The Council will discuss a draft report prepared by the Presidency. Discussion will focus on questions related to the role of the proposed European Chemicals Agency and on the impact assessment. The report also aims to present the results of the large volume of work that has been undertaken over the past 5 months on the REACH proposal.

Better regulation

On 5 April the Commission tabled the better regulation package designed to cut-red tape, to tackle excessive regulation and to help to strike the right balance between costs and benefits of legislation. “Better regulation” forms an integral part of European Commission’s “partnership for growth and jobs. Improving the quality of regulation can significantly spur growth in the EU economy and business. This is why “better regulation” is a centrepiece of the European Commission’s “partnership for growth and jobs”. It is essential for setting up the right conditions for growth and employment in Europe. The Presidency will present proposed conclusions for adoption by the Council.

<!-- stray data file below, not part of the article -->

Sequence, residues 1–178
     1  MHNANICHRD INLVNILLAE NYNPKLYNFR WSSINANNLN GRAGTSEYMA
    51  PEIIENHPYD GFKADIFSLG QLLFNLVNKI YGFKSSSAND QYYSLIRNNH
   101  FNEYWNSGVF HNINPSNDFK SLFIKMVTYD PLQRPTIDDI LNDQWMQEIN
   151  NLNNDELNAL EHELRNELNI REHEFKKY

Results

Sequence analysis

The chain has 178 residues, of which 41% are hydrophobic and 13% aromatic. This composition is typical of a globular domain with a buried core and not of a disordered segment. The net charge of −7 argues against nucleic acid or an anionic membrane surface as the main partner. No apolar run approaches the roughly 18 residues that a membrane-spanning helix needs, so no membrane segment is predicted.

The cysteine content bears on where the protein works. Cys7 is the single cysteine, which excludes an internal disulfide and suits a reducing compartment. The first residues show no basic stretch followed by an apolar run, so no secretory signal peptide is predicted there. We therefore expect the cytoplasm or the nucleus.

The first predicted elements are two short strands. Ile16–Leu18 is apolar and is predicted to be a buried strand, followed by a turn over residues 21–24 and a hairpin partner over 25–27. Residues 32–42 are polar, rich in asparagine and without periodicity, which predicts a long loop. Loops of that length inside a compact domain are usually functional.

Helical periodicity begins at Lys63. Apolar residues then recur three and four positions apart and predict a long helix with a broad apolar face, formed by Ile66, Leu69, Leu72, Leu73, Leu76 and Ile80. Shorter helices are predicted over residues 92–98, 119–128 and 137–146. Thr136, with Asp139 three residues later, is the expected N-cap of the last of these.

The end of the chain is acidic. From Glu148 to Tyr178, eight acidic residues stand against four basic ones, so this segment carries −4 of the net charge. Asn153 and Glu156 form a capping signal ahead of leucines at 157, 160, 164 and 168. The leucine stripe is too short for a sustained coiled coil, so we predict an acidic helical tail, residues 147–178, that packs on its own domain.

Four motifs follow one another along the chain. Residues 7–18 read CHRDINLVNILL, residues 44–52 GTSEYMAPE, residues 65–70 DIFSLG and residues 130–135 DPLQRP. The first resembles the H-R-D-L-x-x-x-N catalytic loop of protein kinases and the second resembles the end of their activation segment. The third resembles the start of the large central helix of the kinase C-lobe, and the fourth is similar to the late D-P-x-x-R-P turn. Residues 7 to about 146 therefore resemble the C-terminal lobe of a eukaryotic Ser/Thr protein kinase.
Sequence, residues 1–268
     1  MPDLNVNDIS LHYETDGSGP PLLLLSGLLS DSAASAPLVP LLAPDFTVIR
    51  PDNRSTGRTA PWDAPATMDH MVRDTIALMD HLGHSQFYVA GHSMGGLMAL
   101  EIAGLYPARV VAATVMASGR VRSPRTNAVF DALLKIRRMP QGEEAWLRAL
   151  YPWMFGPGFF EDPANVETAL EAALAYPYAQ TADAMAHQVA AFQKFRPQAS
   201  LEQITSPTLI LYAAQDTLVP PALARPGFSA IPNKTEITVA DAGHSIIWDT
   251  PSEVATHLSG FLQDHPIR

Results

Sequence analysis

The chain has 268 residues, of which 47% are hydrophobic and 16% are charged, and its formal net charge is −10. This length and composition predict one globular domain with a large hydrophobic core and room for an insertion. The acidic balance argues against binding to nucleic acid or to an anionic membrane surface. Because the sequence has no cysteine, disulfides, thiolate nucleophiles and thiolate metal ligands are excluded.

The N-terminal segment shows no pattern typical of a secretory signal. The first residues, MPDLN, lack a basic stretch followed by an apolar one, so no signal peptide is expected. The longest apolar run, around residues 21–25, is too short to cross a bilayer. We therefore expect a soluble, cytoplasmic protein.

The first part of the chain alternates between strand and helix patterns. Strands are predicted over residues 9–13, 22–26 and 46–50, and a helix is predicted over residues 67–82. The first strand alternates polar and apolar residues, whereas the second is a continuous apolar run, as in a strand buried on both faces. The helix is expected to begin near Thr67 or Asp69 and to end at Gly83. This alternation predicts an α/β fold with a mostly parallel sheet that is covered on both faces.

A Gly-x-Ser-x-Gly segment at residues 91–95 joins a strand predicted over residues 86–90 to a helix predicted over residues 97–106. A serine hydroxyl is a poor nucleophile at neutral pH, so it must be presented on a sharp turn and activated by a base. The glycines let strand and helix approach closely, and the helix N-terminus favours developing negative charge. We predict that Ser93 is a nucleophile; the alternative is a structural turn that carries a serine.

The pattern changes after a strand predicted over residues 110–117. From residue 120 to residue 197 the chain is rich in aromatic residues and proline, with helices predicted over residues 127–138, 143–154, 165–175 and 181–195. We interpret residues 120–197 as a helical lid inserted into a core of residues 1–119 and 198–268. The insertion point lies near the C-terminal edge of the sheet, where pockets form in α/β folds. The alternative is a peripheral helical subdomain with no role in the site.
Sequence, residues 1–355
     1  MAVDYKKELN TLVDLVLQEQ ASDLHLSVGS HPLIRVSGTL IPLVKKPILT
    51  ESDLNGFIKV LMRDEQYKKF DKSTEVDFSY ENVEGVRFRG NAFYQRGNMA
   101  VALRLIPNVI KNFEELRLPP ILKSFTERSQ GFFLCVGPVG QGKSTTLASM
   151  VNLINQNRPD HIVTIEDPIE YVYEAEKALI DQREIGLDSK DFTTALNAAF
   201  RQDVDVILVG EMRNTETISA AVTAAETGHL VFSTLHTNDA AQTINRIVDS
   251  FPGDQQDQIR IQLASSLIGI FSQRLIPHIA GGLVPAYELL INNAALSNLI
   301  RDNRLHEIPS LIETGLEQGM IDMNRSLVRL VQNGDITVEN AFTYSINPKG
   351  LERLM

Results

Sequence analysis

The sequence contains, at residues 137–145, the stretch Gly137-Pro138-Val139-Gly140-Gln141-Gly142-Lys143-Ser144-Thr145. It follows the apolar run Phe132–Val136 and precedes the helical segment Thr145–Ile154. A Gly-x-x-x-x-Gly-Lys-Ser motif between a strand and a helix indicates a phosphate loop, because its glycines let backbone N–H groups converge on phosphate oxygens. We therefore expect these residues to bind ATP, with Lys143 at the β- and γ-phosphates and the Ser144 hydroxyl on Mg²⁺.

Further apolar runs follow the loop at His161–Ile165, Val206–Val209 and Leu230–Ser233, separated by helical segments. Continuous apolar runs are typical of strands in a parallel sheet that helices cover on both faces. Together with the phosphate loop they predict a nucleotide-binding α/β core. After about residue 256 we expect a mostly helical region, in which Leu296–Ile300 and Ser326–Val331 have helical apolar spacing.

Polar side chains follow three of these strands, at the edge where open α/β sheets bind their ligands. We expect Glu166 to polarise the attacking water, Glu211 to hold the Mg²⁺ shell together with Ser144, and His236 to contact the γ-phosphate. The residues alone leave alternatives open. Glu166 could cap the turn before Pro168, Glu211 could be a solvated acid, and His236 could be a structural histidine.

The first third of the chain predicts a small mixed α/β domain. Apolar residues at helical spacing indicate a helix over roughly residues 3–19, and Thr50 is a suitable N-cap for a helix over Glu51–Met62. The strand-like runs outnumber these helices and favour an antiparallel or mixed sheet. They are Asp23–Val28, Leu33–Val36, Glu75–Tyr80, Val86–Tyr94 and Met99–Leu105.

7th Framework programme

It is hoped that during the UK Presidency (about mid-November) a finalised amended text for FP7 proposal will be ready. The Presidency has prepared a questionnaire which describes the outcome of the working level discussions since April 6 and covers a set of six horizontal aspects. These areas are:

1. Scientific contents and themes

Space and Security will probably be treated under two separate headings.

2. Joint Technology Initiatives

A very complicated subject technically which necessitated the setting up of a Working Party to clarify key aspects. Issues remaining to be discussed include funding mechanisms, themes, selection criteria and transparency.

3. SMEs

Discussion will focus on whether there should be a target for SME participation, and the link with the overall effort to simplify the programme. .

4. Transfer and dissemination